Although Japan is better known for its traditional liquor such as sake and shōchū, the nation’s favourite tipple is really their beer (pronounced as bīru by the locals). Their support for domestically produced beer has led to the boom of both large and smaller craft breweries across the country in recent years.
In 2018, Japan was the seventh-largest beer-consuming country in the world, guzzling a staggering 5,108,000 kiloliters and producing about 52.6 million hectoliters. It's safe to say that if you intend to visit Japan, you can expect that there will definitely be no shortage of beer. If you want to get acquainted with the Japanese beer industry, Hokkaido would be the perfect place to get started. Why? Well, Hokkaido is the birthplace of beer in Japan.
The first Japanese beer brewery
Beer was first introduced to Japan during the Edo period (1603-1868) by Dutch traders. In 1869, the Meiji government set up a new administrative unit in Hokkaido in order to develop the region, and beer brewing was amongst one of the new business portfolios.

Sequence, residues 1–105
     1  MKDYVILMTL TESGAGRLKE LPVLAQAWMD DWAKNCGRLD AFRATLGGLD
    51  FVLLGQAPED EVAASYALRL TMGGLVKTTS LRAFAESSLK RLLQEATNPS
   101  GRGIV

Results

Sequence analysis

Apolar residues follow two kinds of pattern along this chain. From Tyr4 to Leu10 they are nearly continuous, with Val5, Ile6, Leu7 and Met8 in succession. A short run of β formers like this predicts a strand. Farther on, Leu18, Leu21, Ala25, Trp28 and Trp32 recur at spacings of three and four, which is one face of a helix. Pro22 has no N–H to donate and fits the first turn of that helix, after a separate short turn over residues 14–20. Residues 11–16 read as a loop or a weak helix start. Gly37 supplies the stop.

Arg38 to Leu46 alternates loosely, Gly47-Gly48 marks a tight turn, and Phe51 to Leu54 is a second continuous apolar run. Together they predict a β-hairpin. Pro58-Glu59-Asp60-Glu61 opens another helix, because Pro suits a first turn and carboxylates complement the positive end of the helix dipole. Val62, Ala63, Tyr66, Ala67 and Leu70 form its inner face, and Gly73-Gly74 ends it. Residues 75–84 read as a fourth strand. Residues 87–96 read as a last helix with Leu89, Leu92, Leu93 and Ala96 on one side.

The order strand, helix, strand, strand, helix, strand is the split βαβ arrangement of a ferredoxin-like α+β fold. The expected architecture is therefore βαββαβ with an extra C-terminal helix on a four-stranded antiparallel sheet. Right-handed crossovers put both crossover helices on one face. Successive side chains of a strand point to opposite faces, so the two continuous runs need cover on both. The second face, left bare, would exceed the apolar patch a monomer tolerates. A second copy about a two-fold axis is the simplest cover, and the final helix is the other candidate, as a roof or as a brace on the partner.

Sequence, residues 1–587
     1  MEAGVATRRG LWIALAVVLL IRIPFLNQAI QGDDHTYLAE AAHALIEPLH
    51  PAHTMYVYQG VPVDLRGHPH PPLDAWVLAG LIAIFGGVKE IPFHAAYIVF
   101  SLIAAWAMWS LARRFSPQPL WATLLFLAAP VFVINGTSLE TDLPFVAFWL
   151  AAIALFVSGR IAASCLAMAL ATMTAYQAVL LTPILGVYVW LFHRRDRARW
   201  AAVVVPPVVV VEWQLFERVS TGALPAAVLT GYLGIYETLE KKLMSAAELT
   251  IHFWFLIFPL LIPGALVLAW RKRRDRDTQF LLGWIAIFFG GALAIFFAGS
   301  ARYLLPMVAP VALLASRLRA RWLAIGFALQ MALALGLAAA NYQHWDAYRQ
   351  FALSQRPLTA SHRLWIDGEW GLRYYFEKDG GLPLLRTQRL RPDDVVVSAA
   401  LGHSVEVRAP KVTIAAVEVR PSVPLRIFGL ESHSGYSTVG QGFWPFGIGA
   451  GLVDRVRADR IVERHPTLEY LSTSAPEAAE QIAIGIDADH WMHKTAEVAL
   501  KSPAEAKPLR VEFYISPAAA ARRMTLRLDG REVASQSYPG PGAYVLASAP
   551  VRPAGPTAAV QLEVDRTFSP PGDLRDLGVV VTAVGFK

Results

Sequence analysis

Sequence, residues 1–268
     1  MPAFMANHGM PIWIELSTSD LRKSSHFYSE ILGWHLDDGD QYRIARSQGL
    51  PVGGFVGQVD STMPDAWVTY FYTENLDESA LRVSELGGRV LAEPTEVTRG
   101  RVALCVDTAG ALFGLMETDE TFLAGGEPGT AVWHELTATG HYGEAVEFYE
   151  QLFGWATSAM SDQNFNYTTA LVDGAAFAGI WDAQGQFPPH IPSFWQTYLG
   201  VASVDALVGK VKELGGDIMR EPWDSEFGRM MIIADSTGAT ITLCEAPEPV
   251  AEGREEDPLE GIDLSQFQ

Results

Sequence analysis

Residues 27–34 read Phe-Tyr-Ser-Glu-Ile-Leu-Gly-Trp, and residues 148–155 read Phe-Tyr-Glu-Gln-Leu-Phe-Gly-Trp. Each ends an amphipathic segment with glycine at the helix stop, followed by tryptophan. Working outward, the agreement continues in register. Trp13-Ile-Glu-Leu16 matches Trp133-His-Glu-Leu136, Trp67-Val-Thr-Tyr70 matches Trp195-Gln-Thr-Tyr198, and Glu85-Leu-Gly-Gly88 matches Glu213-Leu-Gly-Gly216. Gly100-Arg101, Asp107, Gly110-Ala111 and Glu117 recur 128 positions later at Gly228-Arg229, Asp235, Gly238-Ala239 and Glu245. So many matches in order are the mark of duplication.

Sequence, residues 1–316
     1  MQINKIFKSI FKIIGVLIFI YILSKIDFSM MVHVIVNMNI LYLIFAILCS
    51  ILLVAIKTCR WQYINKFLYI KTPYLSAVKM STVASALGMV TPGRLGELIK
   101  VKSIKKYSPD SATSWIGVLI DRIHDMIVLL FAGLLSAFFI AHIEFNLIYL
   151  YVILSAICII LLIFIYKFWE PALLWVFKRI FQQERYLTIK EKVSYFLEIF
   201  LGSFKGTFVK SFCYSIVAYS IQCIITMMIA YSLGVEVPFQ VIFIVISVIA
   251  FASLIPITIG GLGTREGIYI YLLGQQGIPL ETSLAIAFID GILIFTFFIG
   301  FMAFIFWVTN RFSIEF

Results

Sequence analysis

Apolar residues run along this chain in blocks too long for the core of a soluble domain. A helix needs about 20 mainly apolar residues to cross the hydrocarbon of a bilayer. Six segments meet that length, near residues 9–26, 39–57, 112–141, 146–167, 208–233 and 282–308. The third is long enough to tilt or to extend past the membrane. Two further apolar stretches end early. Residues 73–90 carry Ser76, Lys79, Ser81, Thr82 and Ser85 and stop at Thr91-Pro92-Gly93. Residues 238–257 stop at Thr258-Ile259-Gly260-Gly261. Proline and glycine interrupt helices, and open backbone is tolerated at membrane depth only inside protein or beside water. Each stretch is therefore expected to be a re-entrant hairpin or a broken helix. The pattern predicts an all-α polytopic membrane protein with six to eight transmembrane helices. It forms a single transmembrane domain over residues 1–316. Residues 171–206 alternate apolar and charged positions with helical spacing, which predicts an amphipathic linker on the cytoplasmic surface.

Several years later in 1876, the Hokkaido Kaitakushi Beer Brewery was built and it became the first brewery in Japan managed by the government. Initially, the brewery struggled with the cultivation of specific barley that would survive Hokkaido's cool climate. It was only after almost five years of research and trials that they managed to successfully find a variety of barley that can be locally grown for its brew production. It was renamed Sapporo Beer Brewery in 1882 and this marked the beginning of the famous Sapporo Beer.